Force Remains Tool of Choice In Run-Up to Bosnia Talks

West's inability to unite on a solution dampens prospects

EVEN though the upsurge in fighting in Bosnia-Herzegovina has provoked renewed international attention, there seems little hope that the latest peace efforts will be any more successful than previous attempts.

The lack of optimism over an end to the slaughter that has claimed about 200,000 lives since March 1992 remains, due primarily to warring factions' persistent failures to either implement cease-fires or make the requisite political concessions.

But, analysts also blame the continued inability of the Western powers to unite on a consistent approach to Europe's worst conflict since World War II.

Their failures to implement United Nations resolutions they themselves have sponsored prompted the resignation last week of Belgian Gen. Francis Briquemont, the third UN commander in Bosnia in less than two years.

But more critical, analysts say, is the lack of a credible Western consensus so vital to guaranteeing the conclusion and implementation of the plan to divide Bosnia into ethnic ``ministates'' on which talks will resume in Geneva on Jan. 18.

``I don't think anyone has yet been able to sort through the various statements coming out of the Western capitals and find something cohesive,'' a Western diplomat says.

The bleak outlook has been acknowledged by mediators Lord David Owen and Thorwald Stoltenberg, who warn that UN forces could be withdrawn from Bosnia.

The situation on the ground provides no reason for believing the fighting will end even if Lord Owen and Mr. Stoltenberg hammer out an accord between the Muslim Slav-led Bosnian government, the Bosnian Serbs, and Bosnian Croats.

Even as Bosnian President Alija Izetbegovic met his Croatian counterpart, Franjo Tudjman, on Sunday for talks in Bonn on a truce in central Bosnia, the Muslim Slav-dominated Bosnian Army opened a new drive on the Bosnian Croat-held town of Vitez.

Fierce combat has also persisted elsewhere, including around Sarajevo, where almost 50 people have been killed and scores injured in the past week in bombardments by Bosnian Serb forces that temporarily halted the UN's ongoing airlift of relief supplies.

For its part, the Sarajevo government - the biggest loser in the war as well as under the proposed carve-up of Bosnia - has several incentives to continue fighting.

With force the only real determinant of territorial dealmaking, the Bosnian leadership seems committed to continuing a string of conquests in central Bosnia areas held by hard-pressed, outmanned Bosnian Croat militiamen.

Furthermore, a settlement would lead to the lifting of UN sanctions just as they are having a serious effect on the rump Yugoslav union of Serbia and Montenegro, underwriters of the Bosnian Serbs' ethnic cleansing offensives that ignited the war and overran 70 percent of Bosnia.

While they have agreed to give the Muslims 33 percent of Bosnia in the proposed ethnic partition, Bosnian Serb leaders refuse to relinquish the specific territories sought by the Bosnian government in return for its agreement to the plan.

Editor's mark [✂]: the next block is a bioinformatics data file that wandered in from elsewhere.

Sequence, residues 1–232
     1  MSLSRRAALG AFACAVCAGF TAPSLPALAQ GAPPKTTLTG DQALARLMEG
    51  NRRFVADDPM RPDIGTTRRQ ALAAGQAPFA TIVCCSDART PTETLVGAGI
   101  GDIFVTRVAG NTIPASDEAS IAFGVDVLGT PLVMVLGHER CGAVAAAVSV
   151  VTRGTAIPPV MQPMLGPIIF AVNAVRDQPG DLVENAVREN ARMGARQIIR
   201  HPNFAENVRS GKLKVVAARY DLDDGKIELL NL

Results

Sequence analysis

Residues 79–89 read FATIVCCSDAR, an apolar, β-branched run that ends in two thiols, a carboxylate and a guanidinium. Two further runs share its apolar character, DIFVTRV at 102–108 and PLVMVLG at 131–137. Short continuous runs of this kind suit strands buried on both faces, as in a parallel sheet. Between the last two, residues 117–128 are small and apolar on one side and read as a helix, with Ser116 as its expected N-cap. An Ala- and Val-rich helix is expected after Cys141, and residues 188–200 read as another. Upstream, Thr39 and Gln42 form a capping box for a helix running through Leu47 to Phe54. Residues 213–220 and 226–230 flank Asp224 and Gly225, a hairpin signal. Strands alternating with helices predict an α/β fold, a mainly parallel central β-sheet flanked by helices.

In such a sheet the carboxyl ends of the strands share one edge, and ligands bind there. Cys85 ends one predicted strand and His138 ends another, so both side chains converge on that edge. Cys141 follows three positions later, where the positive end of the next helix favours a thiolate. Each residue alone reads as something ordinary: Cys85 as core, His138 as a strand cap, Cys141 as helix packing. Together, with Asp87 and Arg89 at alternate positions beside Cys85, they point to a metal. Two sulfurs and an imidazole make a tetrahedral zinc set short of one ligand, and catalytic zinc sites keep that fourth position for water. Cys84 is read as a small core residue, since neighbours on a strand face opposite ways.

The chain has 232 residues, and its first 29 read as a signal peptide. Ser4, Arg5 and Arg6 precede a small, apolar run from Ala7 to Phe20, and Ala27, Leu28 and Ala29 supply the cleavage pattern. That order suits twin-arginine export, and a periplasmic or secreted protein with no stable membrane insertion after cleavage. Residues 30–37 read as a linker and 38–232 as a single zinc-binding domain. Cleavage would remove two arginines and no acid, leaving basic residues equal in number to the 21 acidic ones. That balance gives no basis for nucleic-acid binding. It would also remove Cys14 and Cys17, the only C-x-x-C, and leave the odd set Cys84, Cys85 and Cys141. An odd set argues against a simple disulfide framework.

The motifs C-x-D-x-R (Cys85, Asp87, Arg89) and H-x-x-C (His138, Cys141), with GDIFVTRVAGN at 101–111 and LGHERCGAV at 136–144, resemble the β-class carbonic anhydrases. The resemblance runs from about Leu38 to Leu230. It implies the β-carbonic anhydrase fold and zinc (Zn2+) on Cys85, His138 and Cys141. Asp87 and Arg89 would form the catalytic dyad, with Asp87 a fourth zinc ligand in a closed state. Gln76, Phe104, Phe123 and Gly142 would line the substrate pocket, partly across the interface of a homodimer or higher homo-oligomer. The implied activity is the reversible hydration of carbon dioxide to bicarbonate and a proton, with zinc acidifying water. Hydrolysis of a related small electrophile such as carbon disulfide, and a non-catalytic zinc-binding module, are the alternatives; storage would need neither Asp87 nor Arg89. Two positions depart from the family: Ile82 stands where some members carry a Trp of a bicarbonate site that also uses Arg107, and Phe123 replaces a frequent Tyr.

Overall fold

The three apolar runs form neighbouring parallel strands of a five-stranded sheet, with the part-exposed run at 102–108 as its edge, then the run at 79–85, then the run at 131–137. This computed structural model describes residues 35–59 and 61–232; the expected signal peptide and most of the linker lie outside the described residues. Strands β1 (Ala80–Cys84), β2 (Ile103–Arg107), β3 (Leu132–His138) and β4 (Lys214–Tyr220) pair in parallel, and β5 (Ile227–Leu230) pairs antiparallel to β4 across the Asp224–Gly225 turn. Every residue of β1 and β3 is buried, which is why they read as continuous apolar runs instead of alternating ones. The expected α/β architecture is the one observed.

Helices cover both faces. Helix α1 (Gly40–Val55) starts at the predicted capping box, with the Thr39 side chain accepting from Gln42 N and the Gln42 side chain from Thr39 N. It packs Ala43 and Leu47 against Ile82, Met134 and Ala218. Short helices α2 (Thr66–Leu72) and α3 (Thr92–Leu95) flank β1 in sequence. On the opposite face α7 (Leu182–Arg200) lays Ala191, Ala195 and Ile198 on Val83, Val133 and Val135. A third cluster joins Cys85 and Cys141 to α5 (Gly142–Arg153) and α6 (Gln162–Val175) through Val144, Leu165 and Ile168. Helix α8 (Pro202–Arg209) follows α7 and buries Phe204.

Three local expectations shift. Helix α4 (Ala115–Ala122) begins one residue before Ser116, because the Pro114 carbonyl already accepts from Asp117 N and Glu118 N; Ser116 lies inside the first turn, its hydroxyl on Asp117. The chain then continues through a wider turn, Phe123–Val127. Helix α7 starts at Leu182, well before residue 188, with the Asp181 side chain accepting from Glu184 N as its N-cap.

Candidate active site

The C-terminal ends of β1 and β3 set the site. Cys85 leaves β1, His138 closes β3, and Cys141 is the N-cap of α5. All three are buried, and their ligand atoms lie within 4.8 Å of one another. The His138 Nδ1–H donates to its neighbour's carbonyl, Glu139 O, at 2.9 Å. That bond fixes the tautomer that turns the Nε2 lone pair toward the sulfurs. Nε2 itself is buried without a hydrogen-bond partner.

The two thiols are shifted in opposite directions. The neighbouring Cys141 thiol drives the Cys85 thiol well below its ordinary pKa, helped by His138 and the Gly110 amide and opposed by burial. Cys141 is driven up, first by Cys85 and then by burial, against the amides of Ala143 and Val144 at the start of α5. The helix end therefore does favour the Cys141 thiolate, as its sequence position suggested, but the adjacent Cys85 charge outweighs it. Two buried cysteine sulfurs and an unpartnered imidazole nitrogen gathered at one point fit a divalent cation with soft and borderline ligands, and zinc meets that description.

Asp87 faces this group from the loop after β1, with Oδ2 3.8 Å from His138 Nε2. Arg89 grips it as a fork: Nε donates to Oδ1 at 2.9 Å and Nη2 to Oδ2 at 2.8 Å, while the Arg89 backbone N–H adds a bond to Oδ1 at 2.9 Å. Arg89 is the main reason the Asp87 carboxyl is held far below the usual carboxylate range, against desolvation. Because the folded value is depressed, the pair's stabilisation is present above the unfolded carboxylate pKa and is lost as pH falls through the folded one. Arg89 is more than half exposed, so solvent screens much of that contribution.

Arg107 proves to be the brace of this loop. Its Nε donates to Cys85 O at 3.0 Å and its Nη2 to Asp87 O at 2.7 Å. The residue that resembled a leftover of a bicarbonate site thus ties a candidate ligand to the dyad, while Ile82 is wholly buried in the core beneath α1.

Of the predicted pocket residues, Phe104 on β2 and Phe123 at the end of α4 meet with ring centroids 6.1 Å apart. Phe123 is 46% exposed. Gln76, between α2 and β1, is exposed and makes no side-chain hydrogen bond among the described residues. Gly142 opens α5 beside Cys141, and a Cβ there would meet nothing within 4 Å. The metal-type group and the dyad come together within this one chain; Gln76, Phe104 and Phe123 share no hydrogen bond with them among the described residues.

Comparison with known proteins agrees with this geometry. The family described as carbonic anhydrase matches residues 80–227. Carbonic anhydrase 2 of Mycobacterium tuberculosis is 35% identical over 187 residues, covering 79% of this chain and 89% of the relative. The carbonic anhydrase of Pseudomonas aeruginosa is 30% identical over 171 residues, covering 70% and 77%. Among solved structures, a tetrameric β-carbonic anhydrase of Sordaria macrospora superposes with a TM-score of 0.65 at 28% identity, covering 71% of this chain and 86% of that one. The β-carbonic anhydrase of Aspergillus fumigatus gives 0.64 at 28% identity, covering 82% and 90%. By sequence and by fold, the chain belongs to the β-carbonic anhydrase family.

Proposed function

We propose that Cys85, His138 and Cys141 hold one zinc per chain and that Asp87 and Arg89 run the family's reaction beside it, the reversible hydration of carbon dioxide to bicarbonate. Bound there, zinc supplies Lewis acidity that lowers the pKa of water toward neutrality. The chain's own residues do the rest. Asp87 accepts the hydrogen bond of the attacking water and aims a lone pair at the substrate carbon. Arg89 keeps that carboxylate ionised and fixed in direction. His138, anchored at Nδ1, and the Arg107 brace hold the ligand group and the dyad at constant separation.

Bosnian Serb leader Radovan Karadzic on Sunday reiterated his ``aim'' to unite captured territories with Serbia as part of ``Greater Serbia.''

The Bosnian Croats and their main patron, Mr. Tudjman, also remain intent on merging the 17 percent of Bosnia under Croatian control into a ``Greater Croatia. They continue to reject territorial concessions sought by the Bosnian government, including a strip of coastline along the Adriatic Sea.

Tudjman last week threatened direct intervention by his Army unless the Bosnian Army halted its central Bosnia offensives. His regime, meanwhile, began rounding up Bosnia-born male citizens of Croatia and inducting them into Bosnian Croat militias, some of which are being aided against the Bosnian Muslims by their former Bosnian Serb rivals.

All of this - coupled with the resignation of General Briquemont, UN Secretary-General Boutros-Boutros Ghali's refusal to allow NATO airstrikes in defense of UN troops, the ongoing fighting, and disruption of UN aid deliveries - has left the UN operation in Bosnia as hard-pressed and demoralized as ever.

MEANWHILE, international responses remained ineffective and confusing. The US and Britain renewed a veiled threat of military action in a protest note delivered Jan. 7 to President Slobodan Milosevic demanding that his Bosnian Serb proxies stop their bombardments of Sarajevo, diplomatic sources say.

But the attacks continued, Serbian leaders apparently confident such threats would not be carried out.

Such confidence was likely strengthened when President Clinton on Sunday pledged Washington's commitment to the security of eastern and central European states - without mentioning Bosnia.

``We cannot control every event in every country every day,'' he said in Brussels on the eve of the annual NATO summit. The US has also given a lukewarm reception to a new French call for NATO airstrikes on Bosnian Serb positions - originally a Clinton administration idea - and a greater US role in the UN military force.

France's new stance, meanwhile, stood in contradiction to its recent warnings that it may have to pull its contingent, the largest component of the UN Protection Force, out of Bosnia unless a peace settlement is reached in the coming months.

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